Author Archives: Pat Rowland


Forsaken | Devotion #3: Abandoned
Pat Rowland | Locations Pastor

A person’s final words in life are always remembered by those closest because they reveal a person’s character, purpose, and values.  As we look at the fourth saying of Jesus on the Cross, we come to Matthew 27:46, which reveals the agony Jesus suffered physically and spiritually.

“And about the ninth hour Jesus cried out with a loud voice, saying, ‘Eli, Eli, lema sabachthani?’ that is, ‘My God, my God, why have you forsaken me?’”

“Forsaken,” or as translated in other versions of Scripture, “abandoned,” are far from the characteristics we would associate with God the Father. Yet, Jesus expresses the hopeless feeling of abandonment that comes with the bearing of all mankind’s sin. Our sin divides, bringing separation between God who is without sin and us, the sinner. As Paul wrote to the church at Rome, “For all have sinned and fall short of the glory of God” (Romans 3:23), and so we know what it means to be separated from God.  

The significance of this moment is that Jesus was without sin, but He chose to take our sin. “For our sake he made him to be sin who knew no sin, so that in him we might become the righteousness of God” (2 Corinthians 5:21). Jesus knew that this was His purpose and this was intended from the beginning. There was only one possible solution for a man to be reconciled with God, and Jesus fully understood this moment would be forthcoming. Matthew records Jesus’ prayer just prior to his arrest, “My Father, if it be possible, let this cup pass from me; nevertheless, not as I will, but as you will” (Matthew 26:39).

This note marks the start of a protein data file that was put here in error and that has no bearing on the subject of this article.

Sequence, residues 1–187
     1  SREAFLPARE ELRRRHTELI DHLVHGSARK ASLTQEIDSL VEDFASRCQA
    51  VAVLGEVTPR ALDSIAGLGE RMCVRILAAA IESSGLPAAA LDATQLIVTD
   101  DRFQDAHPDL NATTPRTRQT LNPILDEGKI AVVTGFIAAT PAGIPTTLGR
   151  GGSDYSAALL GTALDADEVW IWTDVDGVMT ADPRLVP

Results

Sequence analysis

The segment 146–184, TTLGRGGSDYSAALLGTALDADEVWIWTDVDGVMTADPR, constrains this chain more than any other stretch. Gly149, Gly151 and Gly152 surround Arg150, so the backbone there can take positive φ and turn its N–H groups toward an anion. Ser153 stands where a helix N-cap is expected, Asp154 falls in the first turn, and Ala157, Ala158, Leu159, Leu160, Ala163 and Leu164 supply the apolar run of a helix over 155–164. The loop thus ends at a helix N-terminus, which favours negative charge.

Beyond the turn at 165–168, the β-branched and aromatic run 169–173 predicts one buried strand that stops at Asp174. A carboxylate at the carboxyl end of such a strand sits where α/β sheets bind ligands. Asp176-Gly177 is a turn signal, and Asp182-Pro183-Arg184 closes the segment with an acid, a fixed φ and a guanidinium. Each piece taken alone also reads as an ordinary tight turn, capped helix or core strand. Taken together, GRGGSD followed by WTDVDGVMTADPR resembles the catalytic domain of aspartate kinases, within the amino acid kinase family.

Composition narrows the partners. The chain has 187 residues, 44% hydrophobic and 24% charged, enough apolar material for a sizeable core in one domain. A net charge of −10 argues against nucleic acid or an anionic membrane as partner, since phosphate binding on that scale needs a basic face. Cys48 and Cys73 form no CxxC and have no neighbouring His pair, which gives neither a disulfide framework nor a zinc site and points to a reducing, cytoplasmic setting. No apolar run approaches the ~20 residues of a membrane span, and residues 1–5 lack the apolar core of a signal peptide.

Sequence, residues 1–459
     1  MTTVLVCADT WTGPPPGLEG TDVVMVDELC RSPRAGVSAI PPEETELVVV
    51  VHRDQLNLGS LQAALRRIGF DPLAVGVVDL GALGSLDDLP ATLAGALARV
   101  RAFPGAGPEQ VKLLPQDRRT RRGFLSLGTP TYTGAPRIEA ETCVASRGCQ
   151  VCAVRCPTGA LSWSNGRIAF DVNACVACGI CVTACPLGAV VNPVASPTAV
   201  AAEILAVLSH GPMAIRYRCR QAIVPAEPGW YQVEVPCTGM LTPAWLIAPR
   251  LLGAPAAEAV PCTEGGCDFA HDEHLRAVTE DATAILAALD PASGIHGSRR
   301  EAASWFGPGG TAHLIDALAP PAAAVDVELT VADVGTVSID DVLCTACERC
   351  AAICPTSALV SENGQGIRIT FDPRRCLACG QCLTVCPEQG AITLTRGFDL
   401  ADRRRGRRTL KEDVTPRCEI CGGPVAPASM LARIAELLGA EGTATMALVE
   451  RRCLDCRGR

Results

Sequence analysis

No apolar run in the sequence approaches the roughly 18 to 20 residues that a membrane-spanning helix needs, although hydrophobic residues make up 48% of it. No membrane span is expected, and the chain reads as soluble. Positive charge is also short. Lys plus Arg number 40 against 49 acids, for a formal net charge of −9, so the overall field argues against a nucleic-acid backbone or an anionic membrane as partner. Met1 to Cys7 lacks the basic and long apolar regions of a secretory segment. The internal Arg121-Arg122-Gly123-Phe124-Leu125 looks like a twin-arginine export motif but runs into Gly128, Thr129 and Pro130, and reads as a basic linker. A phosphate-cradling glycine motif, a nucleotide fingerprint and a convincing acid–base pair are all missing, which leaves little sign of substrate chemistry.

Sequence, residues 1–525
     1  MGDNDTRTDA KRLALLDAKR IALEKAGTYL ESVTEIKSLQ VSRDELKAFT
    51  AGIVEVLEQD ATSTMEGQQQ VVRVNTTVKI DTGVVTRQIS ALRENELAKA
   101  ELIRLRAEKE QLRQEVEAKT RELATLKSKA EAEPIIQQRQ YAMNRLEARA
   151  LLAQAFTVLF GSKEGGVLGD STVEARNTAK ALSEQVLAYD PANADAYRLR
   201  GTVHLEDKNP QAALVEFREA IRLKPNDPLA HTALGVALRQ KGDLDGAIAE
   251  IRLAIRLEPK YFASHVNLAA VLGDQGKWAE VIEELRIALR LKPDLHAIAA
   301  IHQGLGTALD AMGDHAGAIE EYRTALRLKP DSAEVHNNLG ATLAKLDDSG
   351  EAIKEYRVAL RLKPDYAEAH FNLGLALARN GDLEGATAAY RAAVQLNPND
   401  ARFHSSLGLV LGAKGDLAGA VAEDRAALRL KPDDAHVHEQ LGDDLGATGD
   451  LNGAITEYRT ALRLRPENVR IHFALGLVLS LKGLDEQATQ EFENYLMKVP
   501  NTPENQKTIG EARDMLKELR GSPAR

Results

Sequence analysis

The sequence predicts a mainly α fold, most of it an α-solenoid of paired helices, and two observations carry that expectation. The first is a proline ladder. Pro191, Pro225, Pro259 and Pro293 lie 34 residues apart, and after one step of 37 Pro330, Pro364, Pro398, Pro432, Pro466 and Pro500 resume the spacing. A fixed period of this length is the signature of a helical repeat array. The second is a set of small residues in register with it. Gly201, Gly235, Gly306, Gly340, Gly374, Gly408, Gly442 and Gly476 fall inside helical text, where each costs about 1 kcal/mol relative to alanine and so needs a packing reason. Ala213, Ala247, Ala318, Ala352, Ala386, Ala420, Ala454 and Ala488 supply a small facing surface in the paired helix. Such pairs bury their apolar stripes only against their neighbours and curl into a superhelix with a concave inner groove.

No one chooses a punishment for a crime in which they did not perform, but that is exactly what Jesus did. The physical agony of the crucifixion did not compare to the spiritual agony Jesus suffered when our sin separated Him from the Father. He cried out, “MY GOD, MY GOD…” It is a cry of desperation, loneliness, and hopelessness that is only remedied with His own death. Jesus experienced what we do not have to ever experience again because of the grace afforded us on the cross.  

Work Out Your Gifting

Back to Reach | Devotion #4: Work Out Your Gifting
Pat Rowland | Locations & Development Pastor

Recently I sat with a young man who felt God’s calling to be a Pastor, and he asked me, “How do you know if you are the right fit for a ministry position?” He was asking about getting hired to do one of the various staff positions at a church. I do not consider myself old, but I have been working in ministry for many years now. This young man was just getting started; therefore, is still working out his gifting as we all had to do.